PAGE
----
The busy actor has spent the last month acting opposite playwright and actor Sam Shepard in the praised New York premiere of Caryl Churchill's A Number at New York Theater Workshop. He plays three different characters in the work, about a father who discovers that the doctors he hired to clone his son long ago created 19 other versions as well.
Shepard will exit the mounting on Jan. 16, but Roberts will still probably see him around from time to time; this week the rising talent was named to play Tom in the coming Broadway revival of Tennessee Williams' classic The Glass Menagerie. He will share the stage with Jessica Lange, who has shared a home and life with Shepard for the last couple decades. The production, directed by David Leveaux, will inhabit the Barrymore Theatre come February.
Leveaux had been searching for his Tom for some time, as has been well documented by the New York Post, which ran several columns about a failed attempt to secure the talents of Tobey Maguire. Other actors mentioned for the part include Robert Sean Leonard, Ethan Hawke and John Cusack, none of whom were ever officially confirmed. Producers reportedly wanted a bankable star to play the tortured young man, a stand-in for Williams. Roberts isn't quite that, though he recently made an impression in "A Home at the End of the World." (Ruminations on how Roberts was cast conjures up many a tantalizing scenario. Did Roberts ask Shepard to secure him an audition?; did Shepard, impressed by the young man, suggest his name to Lange over dinner?; did Leveaux take in A Number and jump up, shouting "Eureka!"? There's a theatre legend in the making here.)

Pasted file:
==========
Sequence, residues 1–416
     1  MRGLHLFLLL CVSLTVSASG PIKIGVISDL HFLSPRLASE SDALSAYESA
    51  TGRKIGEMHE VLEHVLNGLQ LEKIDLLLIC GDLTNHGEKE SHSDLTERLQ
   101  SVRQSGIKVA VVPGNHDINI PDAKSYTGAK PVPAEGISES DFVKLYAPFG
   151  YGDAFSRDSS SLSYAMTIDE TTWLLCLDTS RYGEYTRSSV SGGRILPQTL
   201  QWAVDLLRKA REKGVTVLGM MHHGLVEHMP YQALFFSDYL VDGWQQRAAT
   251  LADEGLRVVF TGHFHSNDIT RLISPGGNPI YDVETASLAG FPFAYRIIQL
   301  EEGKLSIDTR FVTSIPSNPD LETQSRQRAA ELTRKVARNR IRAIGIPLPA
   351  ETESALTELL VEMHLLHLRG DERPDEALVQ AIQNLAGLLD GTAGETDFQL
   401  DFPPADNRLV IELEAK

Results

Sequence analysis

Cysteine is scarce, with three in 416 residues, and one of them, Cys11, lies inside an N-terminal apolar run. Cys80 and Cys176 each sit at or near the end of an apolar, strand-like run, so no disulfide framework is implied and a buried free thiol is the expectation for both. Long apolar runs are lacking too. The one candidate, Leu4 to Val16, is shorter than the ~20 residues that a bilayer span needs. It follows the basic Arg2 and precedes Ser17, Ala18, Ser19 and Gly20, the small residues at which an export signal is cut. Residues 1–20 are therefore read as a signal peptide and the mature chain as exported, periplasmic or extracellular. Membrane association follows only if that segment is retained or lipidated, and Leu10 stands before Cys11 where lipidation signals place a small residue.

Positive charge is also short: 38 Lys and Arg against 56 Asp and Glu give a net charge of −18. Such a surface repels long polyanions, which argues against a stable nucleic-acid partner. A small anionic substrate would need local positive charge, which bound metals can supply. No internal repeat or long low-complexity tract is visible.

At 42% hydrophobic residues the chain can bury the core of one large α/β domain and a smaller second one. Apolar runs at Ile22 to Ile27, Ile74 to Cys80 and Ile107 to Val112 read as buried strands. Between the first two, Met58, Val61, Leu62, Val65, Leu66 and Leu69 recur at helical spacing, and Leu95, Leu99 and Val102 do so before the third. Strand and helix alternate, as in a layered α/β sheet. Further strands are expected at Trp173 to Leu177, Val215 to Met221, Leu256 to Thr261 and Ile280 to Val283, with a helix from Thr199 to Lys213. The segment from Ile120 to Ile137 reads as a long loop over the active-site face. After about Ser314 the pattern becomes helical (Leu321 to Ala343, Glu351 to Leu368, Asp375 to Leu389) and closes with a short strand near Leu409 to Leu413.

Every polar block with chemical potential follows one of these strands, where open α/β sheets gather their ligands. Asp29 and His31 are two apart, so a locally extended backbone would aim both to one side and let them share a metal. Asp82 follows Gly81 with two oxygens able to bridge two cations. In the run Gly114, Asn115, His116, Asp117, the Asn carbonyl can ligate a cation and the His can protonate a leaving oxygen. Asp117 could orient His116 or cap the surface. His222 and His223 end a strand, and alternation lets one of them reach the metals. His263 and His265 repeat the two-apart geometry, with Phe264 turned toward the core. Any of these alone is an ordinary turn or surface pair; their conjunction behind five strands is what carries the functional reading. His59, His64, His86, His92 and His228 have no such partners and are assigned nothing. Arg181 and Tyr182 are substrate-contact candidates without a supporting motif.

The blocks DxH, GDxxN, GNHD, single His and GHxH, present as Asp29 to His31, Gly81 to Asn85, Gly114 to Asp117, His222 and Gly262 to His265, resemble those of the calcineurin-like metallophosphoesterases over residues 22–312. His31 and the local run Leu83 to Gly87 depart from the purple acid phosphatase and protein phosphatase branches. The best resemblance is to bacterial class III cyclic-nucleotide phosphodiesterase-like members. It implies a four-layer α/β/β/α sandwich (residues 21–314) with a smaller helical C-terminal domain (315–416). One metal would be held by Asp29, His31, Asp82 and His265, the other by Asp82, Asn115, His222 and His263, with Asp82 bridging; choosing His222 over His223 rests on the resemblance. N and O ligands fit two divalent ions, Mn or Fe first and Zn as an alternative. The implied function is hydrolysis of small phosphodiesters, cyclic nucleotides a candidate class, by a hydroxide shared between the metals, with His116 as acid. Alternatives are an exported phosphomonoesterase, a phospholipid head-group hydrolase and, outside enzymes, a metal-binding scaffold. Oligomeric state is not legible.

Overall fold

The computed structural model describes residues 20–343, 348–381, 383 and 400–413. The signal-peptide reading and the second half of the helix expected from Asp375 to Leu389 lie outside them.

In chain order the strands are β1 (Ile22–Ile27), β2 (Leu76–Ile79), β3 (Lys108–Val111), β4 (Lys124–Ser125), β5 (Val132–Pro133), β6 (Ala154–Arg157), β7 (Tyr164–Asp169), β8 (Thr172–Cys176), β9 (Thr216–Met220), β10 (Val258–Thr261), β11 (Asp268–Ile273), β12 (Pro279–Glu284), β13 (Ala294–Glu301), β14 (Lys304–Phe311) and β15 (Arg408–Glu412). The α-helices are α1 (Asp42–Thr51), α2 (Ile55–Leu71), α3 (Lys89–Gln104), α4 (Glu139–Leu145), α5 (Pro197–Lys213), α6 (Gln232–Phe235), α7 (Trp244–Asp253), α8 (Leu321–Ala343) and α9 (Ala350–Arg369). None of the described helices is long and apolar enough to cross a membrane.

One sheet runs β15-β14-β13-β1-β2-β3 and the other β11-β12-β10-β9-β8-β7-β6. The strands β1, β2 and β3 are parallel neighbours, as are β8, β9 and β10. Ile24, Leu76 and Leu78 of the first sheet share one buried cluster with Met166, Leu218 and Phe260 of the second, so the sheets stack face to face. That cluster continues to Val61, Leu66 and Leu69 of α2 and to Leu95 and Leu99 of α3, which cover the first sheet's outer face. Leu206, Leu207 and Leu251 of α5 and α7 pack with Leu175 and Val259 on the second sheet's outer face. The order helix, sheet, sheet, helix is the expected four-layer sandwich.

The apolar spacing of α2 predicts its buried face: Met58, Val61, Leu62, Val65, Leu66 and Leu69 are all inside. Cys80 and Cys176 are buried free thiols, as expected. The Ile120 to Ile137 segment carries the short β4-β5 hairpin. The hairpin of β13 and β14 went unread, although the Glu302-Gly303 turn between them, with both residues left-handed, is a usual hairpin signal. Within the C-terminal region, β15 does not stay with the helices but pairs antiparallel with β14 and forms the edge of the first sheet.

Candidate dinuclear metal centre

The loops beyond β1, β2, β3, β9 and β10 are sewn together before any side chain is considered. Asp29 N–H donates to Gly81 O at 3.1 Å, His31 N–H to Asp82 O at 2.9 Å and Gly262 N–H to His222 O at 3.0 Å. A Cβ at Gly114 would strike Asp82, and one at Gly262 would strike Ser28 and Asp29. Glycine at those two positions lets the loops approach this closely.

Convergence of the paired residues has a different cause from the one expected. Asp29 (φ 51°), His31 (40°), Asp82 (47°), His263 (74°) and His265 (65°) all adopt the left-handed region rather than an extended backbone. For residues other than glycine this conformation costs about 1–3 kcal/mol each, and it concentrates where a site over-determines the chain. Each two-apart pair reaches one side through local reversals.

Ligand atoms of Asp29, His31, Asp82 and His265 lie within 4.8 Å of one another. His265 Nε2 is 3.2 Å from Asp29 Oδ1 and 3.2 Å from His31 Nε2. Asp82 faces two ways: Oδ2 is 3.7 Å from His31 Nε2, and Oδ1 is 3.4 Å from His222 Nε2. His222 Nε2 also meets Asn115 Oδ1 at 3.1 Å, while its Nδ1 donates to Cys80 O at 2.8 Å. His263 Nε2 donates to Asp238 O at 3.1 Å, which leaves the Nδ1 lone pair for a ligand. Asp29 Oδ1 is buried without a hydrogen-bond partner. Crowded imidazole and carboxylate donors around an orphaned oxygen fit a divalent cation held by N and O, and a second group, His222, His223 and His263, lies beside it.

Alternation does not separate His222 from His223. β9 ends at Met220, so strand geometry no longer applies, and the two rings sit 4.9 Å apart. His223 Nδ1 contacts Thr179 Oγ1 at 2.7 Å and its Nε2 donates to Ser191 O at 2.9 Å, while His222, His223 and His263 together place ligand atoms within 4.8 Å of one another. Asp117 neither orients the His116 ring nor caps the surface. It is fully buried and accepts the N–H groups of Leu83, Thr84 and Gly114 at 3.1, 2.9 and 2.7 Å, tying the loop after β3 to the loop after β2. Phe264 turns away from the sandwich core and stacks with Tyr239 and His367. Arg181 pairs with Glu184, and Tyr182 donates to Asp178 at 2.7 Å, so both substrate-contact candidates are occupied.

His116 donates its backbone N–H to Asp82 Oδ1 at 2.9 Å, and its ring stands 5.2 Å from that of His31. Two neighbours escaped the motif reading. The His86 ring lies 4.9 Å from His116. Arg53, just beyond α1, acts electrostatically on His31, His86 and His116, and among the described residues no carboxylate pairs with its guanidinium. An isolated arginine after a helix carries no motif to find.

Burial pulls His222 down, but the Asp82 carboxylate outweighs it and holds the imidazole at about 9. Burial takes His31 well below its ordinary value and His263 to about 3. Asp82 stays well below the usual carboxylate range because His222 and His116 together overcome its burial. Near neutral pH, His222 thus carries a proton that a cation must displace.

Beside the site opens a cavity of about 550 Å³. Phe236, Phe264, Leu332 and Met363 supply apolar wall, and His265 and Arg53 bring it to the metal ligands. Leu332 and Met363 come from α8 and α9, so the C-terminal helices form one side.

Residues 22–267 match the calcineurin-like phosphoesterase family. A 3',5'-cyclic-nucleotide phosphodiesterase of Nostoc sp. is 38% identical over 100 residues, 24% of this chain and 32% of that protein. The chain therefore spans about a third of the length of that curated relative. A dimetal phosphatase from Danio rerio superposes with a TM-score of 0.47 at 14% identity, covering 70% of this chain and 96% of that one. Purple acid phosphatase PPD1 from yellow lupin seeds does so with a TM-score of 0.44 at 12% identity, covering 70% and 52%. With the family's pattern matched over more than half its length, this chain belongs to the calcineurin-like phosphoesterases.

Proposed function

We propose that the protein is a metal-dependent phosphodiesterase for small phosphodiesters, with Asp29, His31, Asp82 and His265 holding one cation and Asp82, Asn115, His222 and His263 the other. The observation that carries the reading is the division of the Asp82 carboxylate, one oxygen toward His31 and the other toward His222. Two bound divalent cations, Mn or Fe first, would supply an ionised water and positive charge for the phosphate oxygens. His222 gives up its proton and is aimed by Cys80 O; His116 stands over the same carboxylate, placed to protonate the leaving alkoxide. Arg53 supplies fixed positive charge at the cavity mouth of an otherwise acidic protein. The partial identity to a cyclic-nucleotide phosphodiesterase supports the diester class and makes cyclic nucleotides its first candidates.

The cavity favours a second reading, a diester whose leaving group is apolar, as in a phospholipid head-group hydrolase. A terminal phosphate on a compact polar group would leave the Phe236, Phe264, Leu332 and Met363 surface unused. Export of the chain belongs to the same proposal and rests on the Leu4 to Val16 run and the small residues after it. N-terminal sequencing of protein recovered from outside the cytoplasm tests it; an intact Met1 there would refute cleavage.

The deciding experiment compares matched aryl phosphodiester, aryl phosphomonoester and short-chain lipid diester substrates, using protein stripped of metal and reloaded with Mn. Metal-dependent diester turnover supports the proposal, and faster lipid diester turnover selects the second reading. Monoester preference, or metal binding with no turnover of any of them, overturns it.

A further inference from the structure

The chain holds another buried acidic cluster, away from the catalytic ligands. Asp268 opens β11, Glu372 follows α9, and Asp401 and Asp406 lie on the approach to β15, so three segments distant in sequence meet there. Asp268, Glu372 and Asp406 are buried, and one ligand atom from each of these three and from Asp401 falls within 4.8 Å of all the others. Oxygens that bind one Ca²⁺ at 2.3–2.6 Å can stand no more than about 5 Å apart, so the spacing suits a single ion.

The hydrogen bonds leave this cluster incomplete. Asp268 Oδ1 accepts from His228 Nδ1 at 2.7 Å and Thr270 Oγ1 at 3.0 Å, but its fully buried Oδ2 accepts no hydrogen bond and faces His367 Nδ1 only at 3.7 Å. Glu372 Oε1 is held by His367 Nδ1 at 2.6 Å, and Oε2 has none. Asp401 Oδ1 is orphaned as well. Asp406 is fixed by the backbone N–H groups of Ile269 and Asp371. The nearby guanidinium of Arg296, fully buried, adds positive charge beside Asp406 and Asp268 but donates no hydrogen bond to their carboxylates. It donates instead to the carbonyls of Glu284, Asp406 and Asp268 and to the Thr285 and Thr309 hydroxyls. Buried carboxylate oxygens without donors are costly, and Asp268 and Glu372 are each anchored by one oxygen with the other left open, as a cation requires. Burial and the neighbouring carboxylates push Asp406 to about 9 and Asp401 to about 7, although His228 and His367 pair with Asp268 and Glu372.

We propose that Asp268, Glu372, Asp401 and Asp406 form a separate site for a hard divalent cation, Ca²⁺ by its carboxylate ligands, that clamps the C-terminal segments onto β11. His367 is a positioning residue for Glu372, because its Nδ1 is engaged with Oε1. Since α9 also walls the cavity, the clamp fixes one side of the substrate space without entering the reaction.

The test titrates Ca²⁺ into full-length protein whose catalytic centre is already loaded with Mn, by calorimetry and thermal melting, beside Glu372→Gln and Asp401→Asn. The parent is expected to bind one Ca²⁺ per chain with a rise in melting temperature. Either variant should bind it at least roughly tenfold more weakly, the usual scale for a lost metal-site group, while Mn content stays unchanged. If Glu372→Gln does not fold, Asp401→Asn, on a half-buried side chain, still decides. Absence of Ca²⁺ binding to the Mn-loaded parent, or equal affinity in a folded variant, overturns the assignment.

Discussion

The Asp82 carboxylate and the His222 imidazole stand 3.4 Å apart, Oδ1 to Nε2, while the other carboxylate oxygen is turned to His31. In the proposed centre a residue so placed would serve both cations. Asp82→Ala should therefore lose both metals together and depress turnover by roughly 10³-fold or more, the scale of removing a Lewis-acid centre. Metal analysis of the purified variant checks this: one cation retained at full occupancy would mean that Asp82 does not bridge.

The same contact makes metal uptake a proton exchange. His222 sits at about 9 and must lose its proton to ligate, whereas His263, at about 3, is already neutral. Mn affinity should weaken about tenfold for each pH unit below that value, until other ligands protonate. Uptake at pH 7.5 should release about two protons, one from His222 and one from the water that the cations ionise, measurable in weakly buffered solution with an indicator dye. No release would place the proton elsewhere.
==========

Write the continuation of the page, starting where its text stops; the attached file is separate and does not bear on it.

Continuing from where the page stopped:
As for the rest of the cast, Sarah Paulson has been mentioned, but not confirmed for Laura. Still to be cast is the Gentleman Caller. But, then, isn't the Gentleman Caller casting always the last thing to be taken care of every time a major revival of Menagerie comes around?
*** The new Broadway-bound revival of Sweet Charity got two more cast members for Christmas. Ernie Sabella, Broadway veteran of such musical revivals as Guys and Dolls and A Funny Thing Happened on the Way to the Forum, will play Herman. And Rhett George (Aida, Wicked) is hep cat evangelist Big Daddy. Both characters get to sing one big song. Herman, proprietor of the dance hall Charity works in, belts outs the 11-o'clock number "I Love to Cry at Weddings." The cameo part of Big Daddy, meanwhile, owns the show stopper, "Rhythm of Life." The production is headed by Christina Applegate as Charity and Denis O'Hare as Oscar. Truth to tell, the staging probably has secured its entire cast—it begins rehearsals on Dec. 27—But the roster hasn't been officially announced.
Two new shows will spend the holiday working out the kinks during previews. The Broadway-bound Chicago world premiere of Monty Python's Spamalot, starring Tim Curry, David Hyde Pierce and Hank Azaria, began on Dec. 21. Broadway previews begin at the Shubert Theatre in Manhattan Feb. 14, 2005 toward an opening March 17, 2005. And there's absolutely no chance of a White Christmas at Broadway's Eugene O'Neill, where the cast of the Beach Boys musical Good Vibrations began celebrating sun, sand, surf and song on Dec. 20.
Finally, Andrew Lloyd Webber received one of his best gifts in years. After decades of trying, a film version of his megamusical The Phantom of the Opera hit selected U.S. screens on Dec. 22. It will open nationwide Jan. 21, 2005. It recently nabbed three Golden Globe nominations, including Best Motion Picture—Musical or Comedy. Critics did not love the flick, directed by Joel Schumacher. But you can't get everything on your wish list.
To everyone in the theatre community, especially those sacrificing souls putting in shows on Christmas Eve and Christmas Day, a very Happy Holiday!